The spokesman for the CDU/CSU parliamentary group, Mathias Middelberg, added:
"So far, when looking at Islamism, groups prone to violence have been in the foreground. With the package of measures that we adopted in the position paper, we are now focusing more on the ideological basis. In order to fight political Islamism in the long term, we will in particular strengthen basic research in this area and further advance imam training in Germany. On the other hand, we want to create more transparency with respect to the foreign financing of mosques in Germany and prevent possible state cooperation and contractual relationships with Islamist organizations and expand prevention work. With this comprehensive strategic approach, we have the means at hand to tackle Islamism at its roots."
The integration commissioner for the CDU/CSU parliamentary group, Nina Warken, said:
"Religious extremism doesn't come out of nowhere. On the contrary, it thrives in isolated parallel worlds that have nothing in common with our values. We urgently need to shed light on this and not only wake up when violence erupts."
The German-Moroccan author Sineb El Masrar, in an interview with the public radio station Deutschlandfunk Kultur, said that the policy paper is clearly directed against "reactionary, Islamist organizations" and "that it is not aimed at all Muslims, but at those with a radical agenda." She added: "There are quite a lot of Muslims and mosque associations that are not affiliated with Islamist associations. Dialogue with them must be sought more intensively."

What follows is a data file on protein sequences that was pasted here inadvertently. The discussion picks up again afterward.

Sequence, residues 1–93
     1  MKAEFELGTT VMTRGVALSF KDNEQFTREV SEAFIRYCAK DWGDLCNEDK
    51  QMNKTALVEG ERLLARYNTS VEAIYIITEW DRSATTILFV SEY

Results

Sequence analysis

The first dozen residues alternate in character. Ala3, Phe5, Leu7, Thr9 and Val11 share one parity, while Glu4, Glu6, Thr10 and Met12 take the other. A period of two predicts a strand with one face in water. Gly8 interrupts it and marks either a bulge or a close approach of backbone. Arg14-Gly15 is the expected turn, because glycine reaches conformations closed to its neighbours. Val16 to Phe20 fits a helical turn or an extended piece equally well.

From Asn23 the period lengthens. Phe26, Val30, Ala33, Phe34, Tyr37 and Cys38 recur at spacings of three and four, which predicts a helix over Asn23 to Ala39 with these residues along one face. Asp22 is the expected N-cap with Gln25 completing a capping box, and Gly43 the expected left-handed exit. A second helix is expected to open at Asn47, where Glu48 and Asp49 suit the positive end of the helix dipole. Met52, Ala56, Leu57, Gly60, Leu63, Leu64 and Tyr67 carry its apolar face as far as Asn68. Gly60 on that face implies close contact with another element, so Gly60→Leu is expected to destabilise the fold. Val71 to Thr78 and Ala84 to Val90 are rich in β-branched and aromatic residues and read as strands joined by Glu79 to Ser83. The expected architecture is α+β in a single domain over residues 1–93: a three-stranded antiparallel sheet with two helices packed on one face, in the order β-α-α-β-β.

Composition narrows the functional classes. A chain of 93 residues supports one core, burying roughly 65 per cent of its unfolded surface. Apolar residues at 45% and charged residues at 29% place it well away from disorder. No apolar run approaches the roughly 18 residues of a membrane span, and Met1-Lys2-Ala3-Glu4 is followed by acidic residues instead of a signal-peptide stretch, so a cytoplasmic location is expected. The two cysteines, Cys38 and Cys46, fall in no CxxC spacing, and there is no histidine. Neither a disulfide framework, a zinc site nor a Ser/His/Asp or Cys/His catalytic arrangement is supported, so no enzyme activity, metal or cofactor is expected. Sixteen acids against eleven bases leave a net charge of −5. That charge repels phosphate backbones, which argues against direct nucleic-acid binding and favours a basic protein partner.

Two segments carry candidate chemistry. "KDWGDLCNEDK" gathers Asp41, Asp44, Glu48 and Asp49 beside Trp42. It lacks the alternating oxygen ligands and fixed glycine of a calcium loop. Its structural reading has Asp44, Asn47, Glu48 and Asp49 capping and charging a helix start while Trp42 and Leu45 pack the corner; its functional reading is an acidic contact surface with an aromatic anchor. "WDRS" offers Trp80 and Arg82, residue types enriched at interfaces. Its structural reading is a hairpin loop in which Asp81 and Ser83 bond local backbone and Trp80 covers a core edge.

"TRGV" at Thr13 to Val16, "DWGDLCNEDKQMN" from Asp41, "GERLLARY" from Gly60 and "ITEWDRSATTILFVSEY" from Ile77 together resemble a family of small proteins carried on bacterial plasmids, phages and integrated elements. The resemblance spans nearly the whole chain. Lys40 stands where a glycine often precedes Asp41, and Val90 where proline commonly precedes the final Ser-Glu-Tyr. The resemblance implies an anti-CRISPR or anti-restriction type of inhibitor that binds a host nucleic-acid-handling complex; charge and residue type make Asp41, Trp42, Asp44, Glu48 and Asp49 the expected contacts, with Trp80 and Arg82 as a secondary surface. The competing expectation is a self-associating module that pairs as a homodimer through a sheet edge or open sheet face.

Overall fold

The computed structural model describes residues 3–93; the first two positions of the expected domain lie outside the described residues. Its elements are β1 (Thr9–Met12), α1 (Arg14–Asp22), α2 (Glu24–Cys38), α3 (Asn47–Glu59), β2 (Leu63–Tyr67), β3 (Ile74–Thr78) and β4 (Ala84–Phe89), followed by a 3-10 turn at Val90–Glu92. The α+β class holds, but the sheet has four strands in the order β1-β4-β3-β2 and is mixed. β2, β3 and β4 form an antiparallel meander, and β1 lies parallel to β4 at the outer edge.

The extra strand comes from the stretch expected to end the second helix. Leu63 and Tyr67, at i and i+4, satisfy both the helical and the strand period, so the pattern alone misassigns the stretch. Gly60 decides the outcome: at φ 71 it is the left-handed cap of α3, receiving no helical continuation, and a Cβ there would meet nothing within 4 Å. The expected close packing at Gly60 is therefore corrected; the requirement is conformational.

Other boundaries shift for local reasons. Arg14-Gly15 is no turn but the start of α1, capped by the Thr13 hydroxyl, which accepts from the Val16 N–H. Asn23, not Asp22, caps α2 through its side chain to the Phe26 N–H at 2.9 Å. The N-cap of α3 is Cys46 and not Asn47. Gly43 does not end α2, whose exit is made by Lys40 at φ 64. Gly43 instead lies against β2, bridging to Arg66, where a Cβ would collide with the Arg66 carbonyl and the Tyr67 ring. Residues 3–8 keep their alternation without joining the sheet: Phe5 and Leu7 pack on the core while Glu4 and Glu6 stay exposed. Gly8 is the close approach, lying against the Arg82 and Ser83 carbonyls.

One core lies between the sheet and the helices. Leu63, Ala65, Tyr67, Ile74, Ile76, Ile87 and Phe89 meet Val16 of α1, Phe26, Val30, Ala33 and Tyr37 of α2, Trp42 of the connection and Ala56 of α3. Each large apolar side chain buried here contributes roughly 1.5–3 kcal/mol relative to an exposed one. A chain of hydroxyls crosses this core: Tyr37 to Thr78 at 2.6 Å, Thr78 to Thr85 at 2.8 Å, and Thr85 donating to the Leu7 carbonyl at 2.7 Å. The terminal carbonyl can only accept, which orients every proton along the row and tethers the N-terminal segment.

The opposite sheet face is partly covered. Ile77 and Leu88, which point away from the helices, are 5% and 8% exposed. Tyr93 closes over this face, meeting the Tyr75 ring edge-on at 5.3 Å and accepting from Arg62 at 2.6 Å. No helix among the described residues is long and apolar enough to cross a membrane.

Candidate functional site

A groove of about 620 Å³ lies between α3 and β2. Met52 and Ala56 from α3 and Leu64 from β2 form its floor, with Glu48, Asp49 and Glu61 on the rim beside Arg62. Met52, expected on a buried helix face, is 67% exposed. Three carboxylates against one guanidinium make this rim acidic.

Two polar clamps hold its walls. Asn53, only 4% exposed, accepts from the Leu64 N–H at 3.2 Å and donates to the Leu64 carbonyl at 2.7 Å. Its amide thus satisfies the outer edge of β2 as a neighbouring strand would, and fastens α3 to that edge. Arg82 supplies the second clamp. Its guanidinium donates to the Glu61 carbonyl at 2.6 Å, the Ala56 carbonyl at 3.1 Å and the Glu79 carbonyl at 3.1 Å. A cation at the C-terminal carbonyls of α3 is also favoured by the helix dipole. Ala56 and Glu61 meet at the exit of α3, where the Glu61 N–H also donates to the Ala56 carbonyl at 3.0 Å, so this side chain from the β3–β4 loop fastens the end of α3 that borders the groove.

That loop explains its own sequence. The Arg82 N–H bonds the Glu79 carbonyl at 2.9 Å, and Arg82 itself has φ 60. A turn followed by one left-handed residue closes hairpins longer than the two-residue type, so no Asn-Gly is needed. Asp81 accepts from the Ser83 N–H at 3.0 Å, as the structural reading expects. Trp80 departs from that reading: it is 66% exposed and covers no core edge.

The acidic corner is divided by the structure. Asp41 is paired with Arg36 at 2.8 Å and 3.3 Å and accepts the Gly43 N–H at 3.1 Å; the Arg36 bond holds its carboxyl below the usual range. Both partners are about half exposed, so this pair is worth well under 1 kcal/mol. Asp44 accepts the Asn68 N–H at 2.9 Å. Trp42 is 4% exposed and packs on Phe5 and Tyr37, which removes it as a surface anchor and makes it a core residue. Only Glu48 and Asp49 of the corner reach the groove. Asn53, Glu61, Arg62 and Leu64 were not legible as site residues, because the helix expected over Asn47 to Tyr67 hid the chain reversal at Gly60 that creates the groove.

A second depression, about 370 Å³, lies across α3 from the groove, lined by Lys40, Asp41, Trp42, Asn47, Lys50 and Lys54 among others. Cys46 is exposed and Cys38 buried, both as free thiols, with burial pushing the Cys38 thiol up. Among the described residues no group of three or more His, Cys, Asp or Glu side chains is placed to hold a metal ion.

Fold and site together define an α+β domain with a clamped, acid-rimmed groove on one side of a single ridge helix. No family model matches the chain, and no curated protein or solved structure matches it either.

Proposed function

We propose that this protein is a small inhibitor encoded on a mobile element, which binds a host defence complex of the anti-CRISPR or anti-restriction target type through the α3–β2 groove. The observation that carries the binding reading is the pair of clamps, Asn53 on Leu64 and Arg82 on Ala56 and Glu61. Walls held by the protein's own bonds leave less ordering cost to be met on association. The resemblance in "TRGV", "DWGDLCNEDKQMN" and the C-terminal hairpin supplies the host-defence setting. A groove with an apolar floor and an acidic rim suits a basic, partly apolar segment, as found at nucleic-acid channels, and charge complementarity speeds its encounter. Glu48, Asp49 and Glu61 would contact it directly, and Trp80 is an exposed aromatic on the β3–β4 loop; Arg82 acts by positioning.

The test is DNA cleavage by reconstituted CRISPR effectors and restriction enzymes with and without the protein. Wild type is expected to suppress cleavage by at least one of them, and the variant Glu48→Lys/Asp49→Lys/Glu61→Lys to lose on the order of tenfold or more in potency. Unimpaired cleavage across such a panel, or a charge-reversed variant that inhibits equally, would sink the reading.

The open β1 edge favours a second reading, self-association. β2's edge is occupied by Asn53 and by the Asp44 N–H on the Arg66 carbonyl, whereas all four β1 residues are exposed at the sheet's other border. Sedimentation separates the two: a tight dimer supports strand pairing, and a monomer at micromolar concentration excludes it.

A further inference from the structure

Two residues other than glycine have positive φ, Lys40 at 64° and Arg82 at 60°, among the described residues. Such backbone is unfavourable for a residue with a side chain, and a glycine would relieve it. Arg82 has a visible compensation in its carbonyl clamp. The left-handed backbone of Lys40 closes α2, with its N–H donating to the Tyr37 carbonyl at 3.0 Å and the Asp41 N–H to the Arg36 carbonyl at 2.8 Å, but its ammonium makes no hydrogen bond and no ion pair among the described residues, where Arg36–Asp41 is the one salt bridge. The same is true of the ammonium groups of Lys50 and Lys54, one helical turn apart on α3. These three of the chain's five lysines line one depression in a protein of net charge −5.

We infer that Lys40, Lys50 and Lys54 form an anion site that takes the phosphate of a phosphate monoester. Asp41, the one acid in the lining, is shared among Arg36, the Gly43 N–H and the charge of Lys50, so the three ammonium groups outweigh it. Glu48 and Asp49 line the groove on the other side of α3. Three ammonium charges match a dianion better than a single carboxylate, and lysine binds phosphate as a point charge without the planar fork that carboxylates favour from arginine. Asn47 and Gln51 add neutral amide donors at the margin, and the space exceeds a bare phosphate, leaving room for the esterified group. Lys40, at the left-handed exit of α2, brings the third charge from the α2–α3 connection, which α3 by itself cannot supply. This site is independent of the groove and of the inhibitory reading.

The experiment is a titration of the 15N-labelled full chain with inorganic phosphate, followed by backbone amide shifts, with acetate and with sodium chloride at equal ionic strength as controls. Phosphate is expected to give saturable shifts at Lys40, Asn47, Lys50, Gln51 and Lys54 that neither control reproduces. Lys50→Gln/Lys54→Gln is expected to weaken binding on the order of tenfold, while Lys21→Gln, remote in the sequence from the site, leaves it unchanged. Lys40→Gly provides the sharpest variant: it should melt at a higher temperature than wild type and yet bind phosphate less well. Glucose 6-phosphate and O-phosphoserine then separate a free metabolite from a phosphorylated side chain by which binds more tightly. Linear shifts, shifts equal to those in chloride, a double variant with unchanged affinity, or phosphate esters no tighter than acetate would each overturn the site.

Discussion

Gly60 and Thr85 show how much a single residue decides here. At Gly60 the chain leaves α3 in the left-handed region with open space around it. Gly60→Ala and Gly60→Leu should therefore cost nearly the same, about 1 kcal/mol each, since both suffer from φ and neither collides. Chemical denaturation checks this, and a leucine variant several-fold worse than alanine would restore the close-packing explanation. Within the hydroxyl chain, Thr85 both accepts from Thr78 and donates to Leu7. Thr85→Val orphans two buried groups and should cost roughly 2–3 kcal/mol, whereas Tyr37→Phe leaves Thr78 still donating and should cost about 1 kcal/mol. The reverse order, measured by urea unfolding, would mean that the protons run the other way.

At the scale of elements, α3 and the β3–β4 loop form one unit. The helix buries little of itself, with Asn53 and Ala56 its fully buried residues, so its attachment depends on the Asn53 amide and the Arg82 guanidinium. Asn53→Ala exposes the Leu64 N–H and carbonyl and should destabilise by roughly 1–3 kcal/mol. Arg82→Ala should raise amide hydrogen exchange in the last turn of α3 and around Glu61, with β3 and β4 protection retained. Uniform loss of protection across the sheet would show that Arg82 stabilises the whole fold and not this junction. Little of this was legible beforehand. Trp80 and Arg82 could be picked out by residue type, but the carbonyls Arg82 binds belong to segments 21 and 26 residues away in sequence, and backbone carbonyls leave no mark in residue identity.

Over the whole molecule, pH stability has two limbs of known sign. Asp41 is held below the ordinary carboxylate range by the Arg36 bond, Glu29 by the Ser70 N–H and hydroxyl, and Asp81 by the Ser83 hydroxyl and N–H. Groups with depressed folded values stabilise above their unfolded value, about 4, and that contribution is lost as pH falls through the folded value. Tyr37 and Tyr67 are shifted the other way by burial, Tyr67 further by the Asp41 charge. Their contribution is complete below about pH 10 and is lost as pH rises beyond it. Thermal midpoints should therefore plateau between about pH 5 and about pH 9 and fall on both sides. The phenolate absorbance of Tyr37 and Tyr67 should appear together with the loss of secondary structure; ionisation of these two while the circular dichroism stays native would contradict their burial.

Mouhanad Khorchide, a Lebanese-Austrian Islamic theologian and sociologist who is a professor of Islamic pedagogy at the University of Münster in Germany, said that the policy paper reflects a growing awareness of the problem of political Islam in Germany: "It is important to implement concrete measures that put pressure on this misanthropic ideology to prevent situations as in France, where Islamists control entire city districts."
The renowned Frankfurt-based Islam scholar Susanne Schröter expressed skepticism about the new strategy. She said that secular states have a fundamental challenge when dealing with Islam, which is political by nature due to its law, Sharia.
In an interview with Die Tagespost, a Würzburg-based Catholic national weekly newspaper, Schröter noted the difficulty in finding the dividing line between an Islam that threatens the democratic order and permitted political participation based on the Islamic faith. The popular comparison between "Political Islam" and Christian Democracy is misleading, she said, because the representatives of political Islam are not interested in political participation, but with system change: